# Mystery Math Museum

Fun, well-designed app engages kids as they practice skills

### Community rating

Based on 3 reviews

### Privacy rating

Not yet rated
Expert evaluation by Common Sense

1–6

### Subjects & Topics

Math

Price: Paid

Pros: Content is customizable (operations and number ranges), and there are often multiple correct answers.

Cons: There is no feedback or help for incorrect answers, and questions can be answered incorrectly infinitely.

Bottom Line: Mystery Math Museum poses challenging math exercises in fun, engaging way, but lacks feedback for incorrect answers that would help kids who need additional support.

You can use Mystery Math Museum as a fun game for your students to practice arithmetic. The app offers unlimited user profiles, which makes it ideal for use even on a shared device. The game is most useful when customized to cover specific operations and ranges of numbers, so you'll want to show students how to set options on their own profiles (or set options for students yourself). A down side is that the app doesn't save data that would let students and teachers track progress.

Mystery Math Museum provides students with practice with addition, subtraction, multiplication, and division with numbers up to 50. Kids explore the rooms of museums to collect numbers; they then use these numbers to complete math equations to move from room to room. For example, you might collect the numbers 3, 4, 6, and 7, and have to complete the equation ___ + ___ = 10. When you correctly complete an equation, you can move to the next room in the museum. One of the best parts is that the game is customizable –- you can select the operations and ranges of numbers that will be used in equations in the game.

Each museum has a different theme, and within each museum, each room has a different theme. The complexity of the math covered increases with each level, and the different themes keep the game interesting and different. Every room is full of surprises -- for example, there are many items in each room that make funny sound effects when tapped. There are eight different museums with different themes, so it’s not a game that kids will finish too quickly.

Kids can learn addition, subtraction, and multiplication as well as algebraic thinking as they solve reverse math problems. Kids see the answer and the operation along with a variety of numbers, and they choose which numbers get their answer. Often, the equations have more than one correct answer, which helps to reinforce the concepts of fluency and equivalency. It is good for students who mostly understand the math concepts already, but it will be less helpful for students who struggle. When students answer a question incorrectly, there is no feedback other than letting them know the answer was incorrect. Students have three “lifelines” to skip difficult problems, but after those run out there is no further support.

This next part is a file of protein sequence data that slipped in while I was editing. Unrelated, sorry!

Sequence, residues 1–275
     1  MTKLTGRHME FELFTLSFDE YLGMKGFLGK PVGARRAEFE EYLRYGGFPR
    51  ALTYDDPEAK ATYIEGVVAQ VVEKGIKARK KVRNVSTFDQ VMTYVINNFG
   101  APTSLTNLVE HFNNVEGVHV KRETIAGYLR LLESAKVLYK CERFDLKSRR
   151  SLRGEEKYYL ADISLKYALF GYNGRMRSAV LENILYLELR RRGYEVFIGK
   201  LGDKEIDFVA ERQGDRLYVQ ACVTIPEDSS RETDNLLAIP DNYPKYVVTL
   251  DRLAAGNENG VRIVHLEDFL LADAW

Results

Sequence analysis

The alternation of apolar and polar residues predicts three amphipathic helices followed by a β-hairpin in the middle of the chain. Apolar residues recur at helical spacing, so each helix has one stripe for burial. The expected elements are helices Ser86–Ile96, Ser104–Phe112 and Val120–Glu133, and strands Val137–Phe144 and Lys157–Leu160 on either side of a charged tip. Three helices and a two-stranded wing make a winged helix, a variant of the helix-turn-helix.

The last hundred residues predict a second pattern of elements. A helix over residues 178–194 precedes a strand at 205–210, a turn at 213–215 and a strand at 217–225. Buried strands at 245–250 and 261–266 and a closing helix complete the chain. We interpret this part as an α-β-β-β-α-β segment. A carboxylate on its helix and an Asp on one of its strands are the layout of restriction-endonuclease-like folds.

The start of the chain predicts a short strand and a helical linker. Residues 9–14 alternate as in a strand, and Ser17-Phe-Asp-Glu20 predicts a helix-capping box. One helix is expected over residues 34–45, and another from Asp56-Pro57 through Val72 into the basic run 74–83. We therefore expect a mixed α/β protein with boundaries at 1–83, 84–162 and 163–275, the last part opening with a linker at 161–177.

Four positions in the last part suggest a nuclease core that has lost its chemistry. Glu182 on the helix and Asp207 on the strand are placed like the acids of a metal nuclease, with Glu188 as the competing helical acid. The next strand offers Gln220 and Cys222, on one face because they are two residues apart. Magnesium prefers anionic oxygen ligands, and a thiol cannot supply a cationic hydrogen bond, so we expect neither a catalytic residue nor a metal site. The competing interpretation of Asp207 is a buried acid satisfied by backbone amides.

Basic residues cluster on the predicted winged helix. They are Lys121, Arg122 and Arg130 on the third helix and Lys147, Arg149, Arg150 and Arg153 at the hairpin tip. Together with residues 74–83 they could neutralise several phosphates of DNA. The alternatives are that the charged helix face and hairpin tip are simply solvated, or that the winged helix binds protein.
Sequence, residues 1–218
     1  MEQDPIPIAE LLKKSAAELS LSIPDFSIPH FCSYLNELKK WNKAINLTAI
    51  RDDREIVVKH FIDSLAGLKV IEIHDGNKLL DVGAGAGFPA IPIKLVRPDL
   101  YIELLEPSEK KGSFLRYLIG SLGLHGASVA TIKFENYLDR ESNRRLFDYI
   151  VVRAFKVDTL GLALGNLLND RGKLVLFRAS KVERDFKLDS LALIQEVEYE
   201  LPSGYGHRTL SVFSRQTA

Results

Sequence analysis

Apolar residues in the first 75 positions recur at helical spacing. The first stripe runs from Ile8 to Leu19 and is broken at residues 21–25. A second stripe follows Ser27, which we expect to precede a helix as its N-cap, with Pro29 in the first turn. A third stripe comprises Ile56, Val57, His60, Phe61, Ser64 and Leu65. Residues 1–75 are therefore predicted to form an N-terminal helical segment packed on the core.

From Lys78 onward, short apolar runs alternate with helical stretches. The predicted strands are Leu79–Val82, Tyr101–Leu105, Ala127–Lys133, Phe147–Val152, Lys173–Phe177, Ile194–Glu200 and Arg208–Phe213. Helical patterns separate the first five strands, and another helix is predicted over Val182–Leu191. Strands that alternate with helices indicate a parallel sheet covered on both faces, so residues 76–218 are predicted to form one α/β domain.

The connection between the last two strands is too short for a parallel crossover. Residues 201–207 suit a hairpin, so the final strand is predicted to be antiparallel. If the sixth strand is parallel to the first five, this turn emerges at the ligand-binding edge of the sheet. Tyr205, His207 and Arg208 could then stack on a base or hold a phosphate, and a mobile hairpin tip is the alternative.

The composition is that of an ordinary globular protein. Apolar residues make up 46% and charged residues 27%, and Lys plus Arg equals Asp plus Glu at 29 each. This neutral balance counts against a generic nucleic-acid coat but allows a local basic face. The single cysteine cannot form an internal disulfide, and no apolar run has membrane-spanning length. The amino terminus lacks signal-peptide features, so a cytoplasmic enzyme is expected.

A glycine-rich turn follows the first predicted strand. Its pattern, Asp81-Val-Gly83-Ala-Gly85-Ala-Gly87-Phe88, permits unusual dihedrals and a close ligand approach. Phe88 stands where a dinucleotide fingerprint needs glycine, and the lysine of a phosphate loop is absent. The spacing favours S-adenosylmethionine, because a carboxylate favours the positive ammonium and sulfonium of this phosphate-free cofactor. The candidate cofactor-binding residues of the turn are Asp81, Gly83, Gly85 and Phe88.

### Learning Rating

##### Engagement

Kids will find the mystery concept fun. All the museums are different, which will keep kids interested and wanting to play more. Several tasks are built into the game, so it would take some time to complete the entire game.

##### Pedagogy

Kids see the solution and must create the problem themselves, adding a level of challenge. Kids can skip questions, but there's no feedback for incorrect answers, making the app less than ideal for kids struggling with math.

##### Support

In-game help is clear and detailed, and options let you tailor gameplay to a kid's skill level. Kids can use "lifelines" to skip a problem, but if they have trouble with the math they'll need outside support to improve.

Common Sense reviewer

### FUn Math Skill Practice Through 50

I like that the skill levels can be adjusted to one of 3 different options for each of the 4 operations. The operations can also be selected. This provides a lot of differentiation for both low and advanced math students. The app is also unique in that it provides students the answer to an equation and they have to create the problem. Many times there's more than one correct equation that can be created, prompting the understanding of equivalency. The graphics and story line (finding dragonflies) are engaging, but don't get in the way of the math, which remains the focus. Unfortunately there's no help for students who complete equations incorrectly. They are prompted to try different numbers, but there's no teaching or explanation involved. The app creates profiles for students so they can resume their own level when returning to the game.